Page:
James D. Wolfensohn, former president of the World Bank, died on Nov. 25. He was 86 years old.

A native of Sydney, Australia, Wolfensohn was a successful businessman and philanthropist who championed the plight of the poor and worked for peace between Israel and the Palestinians.

Under Wolfensohn’s leadership, which ran from 1995 to 2005, “the World Bank Group sharpened its focus on poverty reduction and redoubled its efforts to combat corruption, give voice to the poor, and magnify the impact of development investments,” said World Bank president David Malpass.

Following his departure, Wolfensohn served as the Special Envoy for Gaza Disengagement for the Quartet—the United States, the United Nations, the European Union and the Russian Federation—in 2005 in a bid to bring peace to the Mideast.

In announcing Wolfensohn’s new position, then-acting U.S. Secretary of State Condoleezza Rice referred to him as “one of the world’s most skilled, experienced and dedicated public servants.” Wolfensohn himself said, “I think there is no more important mission currently than working with the Israelis and the Palestinians to bring about an equitable and a just and a secure solution to the issues that they are facing.”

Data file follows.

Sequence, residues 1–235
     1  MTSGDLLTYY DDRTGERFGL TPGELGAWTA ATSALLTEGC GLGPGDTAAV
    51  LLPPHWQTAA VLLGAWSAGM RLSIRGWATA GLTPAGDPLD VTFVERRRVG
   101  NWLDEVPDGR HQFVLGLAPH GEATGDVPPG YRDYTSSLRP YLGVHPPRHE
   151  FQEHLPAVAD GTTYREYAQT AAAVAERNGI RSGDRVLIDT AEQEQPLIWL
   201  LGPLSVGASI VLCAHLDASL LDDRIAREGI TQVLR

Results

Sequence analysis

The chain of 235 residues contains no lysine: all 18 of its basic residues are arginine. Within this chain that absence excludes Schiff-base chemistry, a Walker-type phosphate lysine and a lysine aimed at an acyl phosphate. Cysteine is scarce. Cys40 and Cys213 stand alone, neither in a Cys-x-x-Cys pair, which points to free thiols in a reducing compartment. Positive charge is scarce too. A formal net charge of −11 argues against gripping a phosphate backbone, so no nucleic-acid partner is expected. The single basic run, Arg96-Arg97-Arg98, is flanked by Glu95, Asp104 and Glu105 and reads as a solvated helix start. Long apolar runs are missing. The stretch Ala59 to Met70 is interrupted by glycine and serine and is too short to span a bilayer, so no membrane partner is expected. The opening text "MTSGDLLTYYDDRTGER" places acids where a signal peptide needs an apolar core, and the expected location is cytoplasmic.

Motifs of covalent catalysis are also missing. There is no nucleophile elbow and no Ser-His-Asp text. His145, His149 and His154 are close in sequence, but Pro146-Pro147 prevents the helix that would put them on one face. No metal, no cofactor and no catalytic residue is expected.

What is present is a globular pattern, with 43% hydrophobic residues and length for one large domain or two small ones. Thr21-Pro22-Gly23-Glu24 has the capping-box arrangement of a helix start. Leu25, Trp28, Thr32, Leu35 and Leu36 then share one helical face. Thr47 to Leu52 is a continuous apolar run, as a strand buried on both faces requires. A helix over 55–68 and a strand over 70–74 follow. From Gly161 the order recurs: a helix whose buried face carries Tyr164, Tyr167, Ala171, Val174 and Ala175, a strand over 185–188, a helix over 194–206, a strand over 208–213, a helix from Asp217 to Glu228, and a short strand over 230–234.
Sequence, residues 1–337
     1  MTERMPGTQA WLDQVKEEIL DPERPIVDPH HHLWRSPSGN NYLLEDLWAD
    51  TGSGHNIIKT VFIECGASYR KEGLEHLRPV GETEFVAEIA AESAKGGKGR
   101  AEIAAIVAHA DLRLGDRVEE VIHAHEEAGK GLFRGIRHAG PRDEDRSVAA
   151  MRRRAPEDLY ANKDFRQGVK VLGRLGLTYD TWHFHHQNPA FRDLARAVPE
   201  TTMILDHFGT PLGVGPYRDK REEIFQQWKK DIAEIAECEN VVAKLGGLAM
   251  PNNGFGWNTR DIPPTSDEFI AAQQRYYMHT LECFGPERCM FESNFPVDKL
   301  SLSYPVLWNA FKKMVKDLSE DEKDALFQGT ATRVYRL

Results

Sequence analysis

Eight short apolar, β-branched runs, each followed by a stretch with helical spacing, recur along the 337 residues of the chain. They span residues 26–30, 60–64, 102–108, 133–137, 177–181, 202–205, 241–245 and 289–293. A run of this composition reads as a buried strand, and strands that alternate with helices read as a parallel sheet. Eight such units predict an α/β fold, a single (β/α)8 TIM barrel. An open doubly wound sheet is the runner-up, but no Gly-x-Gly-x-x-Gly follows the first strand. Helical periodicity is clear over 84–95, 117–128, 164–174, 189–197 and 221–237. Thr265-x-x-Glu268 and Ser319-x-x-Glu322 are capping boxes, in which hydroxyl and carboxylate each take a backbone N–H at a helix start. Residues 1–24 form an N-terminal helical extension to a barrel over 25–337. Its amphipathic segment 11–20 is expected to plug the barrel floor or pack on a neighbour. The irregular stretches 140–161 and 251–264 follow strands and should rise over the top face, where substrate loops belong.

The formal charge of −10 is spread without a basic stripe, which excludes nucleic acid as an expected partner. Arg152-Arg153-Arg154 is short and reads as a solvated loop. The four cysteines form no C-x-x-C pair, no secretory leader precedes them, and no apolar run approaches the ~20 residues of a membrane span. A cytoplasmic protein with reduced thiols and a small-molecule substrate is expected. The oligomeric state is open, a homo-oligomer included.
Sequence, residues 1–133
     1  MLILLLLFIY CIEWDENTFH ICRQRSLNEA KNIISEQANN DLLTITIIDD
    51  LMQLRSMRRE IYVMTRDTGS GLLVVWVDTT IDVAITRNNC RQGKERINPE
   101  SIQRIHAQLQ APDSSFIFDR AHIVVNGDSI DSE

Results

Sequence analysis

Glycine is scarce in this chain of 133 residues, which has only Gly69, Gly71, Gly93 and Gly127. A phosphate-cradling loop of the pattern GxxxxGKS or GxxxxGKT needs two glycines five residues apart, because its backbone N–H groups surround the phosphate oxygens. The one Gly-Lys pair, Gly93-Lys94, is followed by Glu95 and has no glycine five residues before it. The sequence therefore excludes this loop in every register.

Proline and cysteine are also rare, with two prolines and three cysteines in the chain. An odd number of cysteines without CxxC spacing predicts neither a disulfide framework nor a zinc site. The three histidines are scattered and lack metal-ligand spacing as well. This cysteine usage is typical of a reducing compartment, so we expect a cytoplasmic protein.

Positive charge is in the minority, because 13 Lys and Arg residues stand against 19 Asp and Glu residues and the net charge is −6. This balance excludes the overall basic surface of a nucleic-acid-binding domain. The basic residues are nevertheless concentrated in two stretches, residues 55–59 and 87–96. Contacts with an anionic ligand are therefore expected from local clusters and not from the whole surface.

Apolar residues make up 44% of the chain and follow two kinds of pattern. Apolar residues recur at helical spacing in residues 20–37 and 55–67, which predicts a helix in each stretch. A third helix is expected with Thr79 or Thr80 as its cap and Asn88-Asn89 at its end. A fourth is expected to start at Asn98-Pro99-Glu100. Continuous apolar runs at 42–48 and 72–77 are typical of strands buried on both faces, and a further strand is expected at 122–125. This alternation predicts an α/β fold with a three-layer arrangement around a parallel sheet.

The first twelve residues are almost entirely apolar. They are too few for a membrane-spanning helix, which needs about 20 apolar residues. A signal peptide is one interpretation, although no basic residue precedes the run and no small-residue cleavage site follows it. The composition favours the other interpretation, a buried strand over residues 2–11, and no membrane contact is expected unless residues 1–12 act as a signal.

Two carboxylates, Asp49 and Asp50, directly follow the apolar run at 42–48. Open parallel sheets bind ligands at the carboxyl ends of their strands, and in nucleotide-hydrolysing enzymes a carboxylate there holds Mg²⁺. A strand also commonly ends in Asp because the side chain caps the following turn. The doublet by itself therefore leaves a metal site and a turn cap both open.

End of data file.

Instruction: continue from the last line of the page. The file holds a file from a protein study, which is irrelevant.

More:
James D. Wolfensohn. Credit: International Monetary Fund via Wikimedia Commons.

He also served as the chairman of Carnegie Hall and the Kennedy Center. He told his life story in the 2010 memoir “A Global Life, My Journey Among Rich and Poor from Sydney to Wall Street to the World Bank.”

One-time Democratic presidential candidate and former New York City Mayor Michael Bloomberg, who was friends with Wolfensohn since they worked together at Salomon Brothers in 1981, said in a statement on Twitter, “Few people can say they helped to save an American institution, like Chrysler, restore American treasures, like Carnegie Hall and the Kennedy Center, lead the World Bank through one of the most tumultuous geopolitical periods in history—lifting countless people out of poverty—and also help negotiate peace in the Middle East. But that’s exactly what Jim did. Not bad for a middle-class kid from Australia who began his career selling air conditioners.”

Wolfensohn and his family have contributed to numerous Jewish causes through their family foundation, including several synagogues, a Jewish school and Jewish museums.

He was predeceased by his wife, Elaine, who died in August. Wolfensohn is survived by their children Sara, Naomi and Adam.

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